The world’s biggest vehicle handling port saw an increase in vehicle handling in 2019. It is speeding up throughput to keep pace using the latest technology and some major reconstruction projects
The port of Zeebrugge was closing on the 3m mark for the number of finished vehicles handled through its terminals when it got to the end of 2019, up 4.4% on the previous year (see table). That contributed to a 14.2% growth in overall freight volumes for the year at the port.
According to the port authority, the increase in throughput was in part thanks to the expertise of the workforce, with skilled staff at pre-delivery inspection (PDI) centres at all of the terminals. It was also down to developments in technology supporting a more sustainable industry, including the instalment of a charging infrastructure for electric vehicles (EVs). Terminal operator ICO has introduced a battery charging area at the Bastenaken terminal that includes 304 battery chargers with 11kWh each and two superchargers of 135kWh each.
The port has also completed the first phase in the rollout of its 5G network, which is designed to be used by a range of port-based companies for dispatching, track-and-trace systems, and critical group communication, among other things. The 5G network is aimed at speeding up innovation and automation in the port, including for Internet of things (IoT) applications, autonomous vessels, augmented reality (AR) and drones.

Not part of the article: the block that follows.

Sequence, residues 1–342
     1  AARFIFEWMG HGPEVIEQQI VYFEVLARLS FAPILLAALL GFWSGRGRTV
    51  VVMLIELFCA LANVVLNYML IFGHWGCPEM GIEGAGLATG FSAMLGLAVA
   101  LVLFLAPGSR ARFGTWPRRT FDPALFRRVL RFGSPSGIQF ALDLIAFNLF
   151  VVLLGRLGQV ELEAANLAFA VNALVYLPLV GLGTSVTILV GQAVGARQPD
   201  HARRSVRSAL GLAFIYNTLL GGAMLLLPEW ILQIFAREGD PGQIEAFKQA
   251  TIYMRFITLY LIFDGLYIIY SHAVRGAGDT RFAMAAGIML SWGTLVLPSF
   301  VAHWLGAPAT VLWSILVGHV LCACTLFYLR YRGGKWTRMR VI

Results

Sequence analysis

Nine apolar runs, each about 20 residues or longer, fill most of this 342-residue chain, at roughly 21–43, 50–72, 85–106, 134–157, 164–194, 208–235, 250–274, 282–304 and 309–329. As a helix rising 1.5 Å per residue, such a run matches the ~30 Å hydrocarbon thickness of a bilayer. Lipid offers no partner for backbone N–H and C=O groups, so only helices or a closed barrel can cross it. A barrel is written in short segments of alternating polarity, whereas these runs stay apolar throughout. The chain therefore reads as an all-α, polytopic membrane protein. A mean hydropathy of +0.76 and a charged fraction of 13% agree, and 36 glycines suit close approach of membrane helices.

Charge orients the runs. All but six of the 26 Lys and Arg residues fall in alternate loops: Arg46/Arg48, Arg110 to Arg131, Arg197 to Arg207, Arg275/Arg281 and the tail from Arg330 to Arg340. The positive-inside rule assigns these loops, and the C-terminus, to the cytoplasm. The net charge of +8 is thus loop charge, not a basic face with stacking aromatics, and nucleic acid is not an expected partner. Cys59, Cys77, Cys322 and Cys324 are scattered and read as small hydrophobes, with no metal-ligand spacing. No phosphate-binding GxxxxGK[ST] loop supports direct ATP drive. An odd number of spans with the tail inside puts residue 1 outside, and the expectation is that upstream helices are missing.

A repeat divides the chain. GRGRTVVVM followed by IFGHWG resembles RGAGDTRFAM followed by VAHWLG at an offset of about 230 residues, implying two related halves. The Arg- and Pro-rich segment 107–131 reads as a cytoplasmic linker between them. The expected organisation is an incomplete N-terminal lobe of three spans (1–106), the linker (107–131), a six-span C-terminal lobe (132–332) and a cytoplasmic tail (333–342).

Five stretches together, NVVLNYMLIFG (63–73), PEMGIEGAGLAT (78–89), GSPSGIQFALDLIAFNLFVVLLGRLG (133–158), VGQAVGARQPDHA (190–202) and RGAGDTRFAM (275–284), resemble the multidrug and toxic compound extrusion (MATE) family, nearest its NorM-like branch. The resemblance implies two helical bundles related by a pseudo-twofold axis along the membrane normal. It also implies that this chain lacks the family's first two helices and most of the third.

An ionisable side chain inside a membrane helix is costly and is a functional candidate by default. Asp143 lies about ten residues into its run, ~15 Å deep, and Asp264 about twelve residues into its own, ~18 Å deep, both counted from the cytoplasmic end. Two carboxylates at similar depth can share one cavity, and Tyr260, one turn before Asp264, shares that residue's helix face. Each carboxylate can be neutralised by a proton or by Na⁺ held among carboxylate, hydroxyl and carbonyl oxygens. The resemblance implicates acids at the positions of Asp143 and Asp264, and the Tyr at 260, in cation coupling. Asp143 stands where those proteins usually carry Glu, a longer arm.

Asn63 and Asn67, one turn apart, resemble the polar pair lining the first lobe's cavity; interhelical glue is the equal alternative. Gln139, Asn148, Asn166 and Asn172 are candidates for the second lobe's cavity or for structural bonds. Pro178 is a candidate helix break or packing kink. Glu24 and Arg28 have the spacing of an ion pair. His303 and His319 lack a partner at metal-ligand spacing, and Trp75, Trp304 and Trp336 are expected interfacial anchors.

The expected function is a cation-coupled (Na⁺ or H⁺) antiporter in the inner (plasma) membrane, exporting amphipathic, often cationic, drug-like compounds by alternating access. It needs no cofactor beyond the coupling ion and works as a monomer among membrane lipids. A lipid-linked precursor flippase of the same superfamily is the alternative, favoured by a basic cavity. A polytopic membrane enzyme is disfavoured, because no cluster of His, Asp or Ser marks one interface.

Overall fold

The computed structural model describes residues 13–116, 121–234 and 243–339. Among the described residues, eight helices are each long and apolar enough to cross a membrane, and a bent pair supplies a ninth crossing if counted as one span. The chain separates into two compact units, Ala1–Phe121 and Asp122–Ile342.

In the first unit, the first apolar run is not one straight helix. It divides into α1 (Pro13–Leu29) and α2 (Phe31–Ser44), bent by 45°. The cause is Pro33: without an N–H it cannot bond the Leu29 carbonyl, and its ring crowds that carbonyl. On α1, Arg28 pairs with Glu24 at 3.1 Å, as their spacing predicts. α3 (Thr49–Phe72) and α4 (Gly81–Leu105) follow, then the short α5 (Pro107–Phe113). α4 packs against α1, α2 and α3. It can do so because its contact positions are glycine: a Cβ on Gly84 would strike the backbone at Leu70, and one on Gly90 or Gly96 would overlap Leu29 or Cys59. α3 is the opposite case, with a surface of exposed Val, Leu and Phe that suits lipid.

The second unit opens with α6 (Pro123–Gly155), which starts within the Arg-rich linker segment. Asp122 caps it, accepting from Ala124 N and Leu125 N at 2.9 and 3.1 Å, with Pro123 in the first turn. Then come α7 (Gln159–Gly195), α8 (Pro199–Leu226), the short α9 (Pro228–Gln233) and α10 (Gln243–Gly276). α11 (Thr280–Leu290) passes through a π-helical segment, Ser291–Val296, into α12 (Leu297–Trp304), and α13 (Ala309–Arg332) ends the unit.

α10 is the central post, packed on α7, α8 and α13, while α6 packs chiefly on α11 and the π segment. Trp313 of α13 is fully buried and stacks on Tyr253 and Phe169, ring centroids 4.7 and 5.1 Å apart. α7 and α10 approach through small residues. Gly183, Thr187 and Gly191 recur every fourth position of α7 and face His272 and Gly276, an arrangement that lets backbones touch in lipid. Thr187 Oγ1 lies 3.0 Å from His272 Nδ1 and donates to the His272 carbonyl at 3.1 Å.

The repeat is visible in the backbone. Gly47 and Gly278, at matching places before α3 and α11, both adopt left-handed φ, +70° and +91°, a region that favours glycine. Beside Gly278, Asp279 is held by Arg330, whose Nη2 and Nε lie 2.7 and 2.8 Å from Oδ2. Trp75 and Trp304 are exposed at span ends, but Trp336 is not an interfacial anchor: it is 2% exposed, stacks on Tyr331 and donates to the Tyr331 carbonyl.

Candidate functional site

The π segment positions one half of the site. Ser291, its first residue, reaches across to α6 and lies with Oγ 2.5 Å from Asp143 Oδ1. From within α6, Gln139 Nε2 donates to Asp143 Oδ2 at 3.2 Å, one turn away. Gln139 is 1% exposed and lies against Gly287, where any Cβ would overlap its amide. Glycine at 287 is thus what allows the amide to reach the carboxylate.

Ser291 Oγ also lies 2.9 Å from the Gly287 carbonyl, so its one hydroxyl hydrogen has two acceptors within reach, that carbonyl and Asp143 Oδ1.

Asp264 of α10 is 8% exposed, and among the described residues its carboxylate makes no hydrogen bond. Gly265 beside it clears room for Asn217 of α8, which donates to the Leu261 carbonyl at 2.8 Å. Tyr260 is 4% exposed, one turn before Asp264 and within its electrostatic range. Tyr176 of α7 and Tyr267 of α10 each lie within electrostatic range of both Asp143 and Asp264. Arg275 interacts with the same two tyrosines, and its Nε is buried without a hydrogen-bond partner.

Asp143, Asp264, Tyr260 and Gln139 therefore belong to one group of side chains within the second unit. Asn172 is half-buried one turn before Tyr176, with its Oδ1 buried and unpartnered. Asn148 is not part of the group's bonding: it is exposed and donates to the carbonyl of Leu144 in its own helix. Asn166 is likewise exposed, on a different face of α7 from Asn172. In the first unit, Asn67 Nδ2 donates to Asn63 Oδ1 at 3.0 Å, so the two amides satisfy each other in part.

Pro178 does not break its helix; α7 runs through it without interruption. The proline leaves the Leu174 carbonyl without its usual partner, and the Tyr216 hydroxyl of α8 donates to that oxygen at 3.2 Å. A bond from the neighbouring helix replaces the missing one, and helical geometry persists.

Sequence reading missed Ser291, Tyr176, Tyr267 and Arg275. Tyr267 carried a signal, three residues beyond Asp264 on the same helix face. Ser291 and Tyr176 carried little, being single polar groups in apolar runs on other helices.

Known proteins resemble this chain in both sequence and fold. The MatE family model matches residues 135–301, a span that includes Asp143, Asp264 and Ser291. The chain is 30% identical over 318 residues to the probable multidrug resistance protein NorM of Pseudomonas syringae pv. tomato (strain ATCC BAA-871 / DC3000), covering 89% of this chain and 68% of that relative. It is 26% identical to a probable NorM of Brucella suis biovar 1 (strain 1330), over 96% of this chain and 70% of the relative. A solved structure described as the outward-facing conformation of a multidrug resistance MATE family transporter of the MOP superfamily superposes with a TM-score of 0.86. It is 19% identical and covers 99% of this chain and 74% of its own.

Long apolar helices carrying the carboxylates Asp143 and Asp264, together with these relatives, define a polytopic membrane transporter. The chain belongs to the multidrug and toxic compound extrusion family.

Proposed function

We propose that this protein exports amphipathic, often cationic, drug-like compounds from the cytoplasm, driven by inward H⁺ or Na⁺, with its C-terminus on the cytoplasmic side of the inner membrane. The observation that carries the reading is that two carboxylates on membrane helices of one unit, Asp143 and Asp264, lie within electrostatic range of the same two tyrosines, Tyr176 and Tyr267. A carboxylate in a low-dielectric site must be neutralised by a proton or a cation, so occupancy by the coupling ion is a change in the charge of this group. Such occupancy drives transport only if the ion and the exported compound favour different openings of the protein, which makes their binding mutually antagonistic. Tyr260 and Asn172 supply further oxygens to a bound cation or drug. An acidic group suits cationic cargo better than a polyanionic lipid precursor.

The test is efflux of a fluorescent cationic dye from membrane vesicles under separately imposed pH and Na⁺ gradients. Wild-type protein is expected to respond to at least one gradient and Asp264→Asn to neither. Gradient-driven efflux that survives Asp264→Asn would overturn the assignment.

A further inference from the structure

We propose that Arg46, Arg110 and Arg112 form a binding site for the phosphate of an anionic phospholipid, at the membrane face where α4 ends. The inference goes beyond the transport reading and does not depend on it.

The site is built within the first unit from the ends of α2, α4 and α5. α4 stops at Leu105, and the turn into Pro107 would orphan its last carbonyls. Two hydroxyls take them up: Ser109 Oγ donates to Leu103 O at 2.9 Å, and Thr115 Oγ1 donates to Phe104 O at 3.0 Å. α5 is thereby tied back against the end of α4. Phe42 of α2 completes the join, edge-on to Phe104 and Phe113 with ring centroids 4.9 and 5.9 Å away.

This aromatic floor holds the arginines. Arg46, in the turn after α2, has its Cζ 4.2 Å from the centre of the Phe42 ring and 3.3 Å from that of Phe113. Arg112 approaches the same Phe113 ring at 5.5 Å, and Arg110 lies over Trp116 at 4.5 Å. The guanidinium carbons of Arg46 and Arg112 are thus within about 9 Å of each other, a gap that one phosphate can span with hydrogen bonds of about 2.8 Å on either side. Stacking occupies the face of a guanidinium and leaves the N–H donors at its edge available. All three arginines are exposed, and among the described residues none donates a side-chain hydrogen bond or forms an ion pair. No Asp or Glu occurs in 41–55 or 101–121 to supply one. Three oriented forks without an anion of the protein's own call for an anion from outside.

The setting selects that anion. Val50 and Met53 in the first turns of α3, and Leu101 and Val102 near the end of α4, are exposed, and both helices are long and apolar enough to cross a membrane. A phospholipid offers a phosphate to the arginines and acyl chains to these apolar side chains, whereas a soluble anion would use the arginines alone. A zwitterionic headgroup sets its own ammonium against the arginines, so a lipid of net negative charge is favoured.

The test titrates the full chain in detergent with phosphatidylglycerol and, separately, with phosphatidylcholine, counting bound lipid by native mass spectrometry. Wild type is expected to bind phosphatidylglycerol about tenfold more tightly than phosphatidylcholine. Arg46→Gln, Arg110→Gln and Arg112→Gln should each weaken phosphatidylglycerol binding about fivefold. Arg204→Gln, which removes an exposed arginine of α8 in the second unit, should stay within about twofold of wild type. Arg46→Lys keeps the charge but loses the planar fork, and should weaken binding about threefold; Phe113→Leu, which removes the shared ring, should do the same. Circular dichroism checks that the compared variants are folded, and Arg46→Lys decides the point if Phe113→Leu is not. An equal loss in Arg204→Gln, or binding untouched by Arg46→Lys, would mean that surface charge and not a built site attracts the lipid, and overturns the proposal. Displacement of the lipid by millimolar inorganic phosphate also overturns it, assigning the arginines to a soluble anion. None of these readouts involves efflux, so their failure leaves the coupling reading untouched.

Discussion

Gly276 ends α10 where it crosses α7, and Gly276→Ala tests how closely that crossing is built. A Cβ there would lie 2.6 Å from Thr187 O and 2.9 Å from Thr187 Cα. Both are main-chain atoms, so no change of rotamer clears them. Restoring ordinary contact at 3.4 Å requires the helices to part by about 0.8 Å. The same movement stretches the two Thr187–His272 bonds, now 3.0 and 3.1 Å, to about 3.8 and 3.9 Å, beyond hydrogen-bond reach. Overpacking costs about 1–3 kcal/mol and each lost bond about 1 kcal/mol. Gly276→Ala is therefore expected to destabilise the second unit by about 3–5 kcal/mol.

While the 5G network is currently being used for a range of activity in the outer port, the second phase of the rollout will include coverage of the inner port and will be implemented mid-2020.
“As a port authority, we want to stimulate the private partners in the port to apply the best innovative solutions in every part of the logistics chain,” said CEO Joachim Coens when the initiative was announced late last year. “The 5G technology will make this possible. We feel it is important that we act as an initiator and that we can provide this connectivity bubble for our port companies.”
Data ahead of departure